Investigation found no Heritage Action lobbying of Iowa governor

The Iowa Ethics and Campaign Disclosure Board on August 12 formally closed its investigation of Heritage Action for America, after finding no evidence the national conservative group lobbied Governor Kim Reynolds’ office earlier this year.

The board, which is charged with enforcing state laws on lobbying the executive branch, authorized executive director Mike Marshall in May to review possible undisclosed lobbying by Heritage Action. Mother Jones had recently published video of the group’s leader bragging to donors about working “quickly” and “quietly” to help write Iowa’s new election law.

Board chair James Albert summarized the investigation’s findings after the six ethics board members discussed the matter in closed session during their August 12 meeting. “Our staff found no evidence at all of Heritage Action lobbying the governor’s office or the Secretary of State’s office or any other executive branch agency,” Albert said. The Office of Chief Information Officer searched records from every executive branch agency. The only email chain involving Heritage Action had already been provided to Marshall by the governor’s legal counsel, and “in no way constituted any lobbying of the governor’s office.”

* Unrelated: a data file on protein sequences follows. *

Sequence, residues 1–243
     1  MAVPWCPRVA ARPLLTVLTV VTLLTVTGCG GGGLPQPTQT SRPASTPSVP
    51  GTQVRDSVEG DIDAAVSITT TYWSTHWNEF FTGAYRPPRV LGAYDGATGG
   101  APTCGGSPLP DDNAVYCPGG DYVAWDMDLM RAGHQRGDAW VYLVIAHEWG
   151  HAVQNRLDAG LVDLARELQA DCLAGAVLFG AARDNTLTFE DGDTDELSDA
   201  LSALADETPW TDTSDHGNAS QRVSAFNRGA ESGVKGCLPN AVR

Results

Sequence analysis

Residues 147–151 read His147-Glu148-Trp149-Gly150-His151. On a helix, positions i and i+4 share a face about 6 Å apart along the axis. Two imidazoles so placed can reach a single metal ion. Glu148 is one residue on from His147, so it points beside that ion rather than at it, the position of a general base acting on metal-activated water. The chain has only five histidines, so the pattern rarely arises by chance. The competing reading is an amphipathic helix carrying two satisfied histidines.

Those emails, previously released by Marshall, show Heritage Action staff sought to coordinate a communications strategy about the new voting restrictions. The group wanted to include a quote from Reynolds in its statement praising the new law, and asked the governor to appear in a video touting Heritage Action’s “leadership” and “partnership.” Reynolds did not record any such video.

The ethics board has no jurisdiction to enforce the Iowa legislature’s rules on lobbying. The Iowa House Ethics Committee, comprised of three state representatives from each party, does not yet have a meeting scheduled to hear complaints filed in May by then House Minority Leader Todd Prichard. The top Iowa House Democrat asserted Heritage representatives failed to register as lobbyists and failed to declare the group’s position on Senate File 413 prior to advocating for its passage.

Heritage Action’s attorney said in a letter to Marshall in May that the group’s staff “have had no communication with any members of the Iowa legislature” over bills considered this year. He said the group had mobilized “grassroots volunteers” who “subsequently engaged with their legislators as citizen advocates” and are not required to register as lobbyists.

State Representative Bobby Kaufmann, who chairs the House committee that handles election bills, vehemently denied in May that Heritage Action lobbying influenced the new voting restrictions in any way. His counterpart in the upper chamber, State Senator Roby Smith, likewise said in a written statement, “Heritage Foundation had no part in the drafting” of the legislation.

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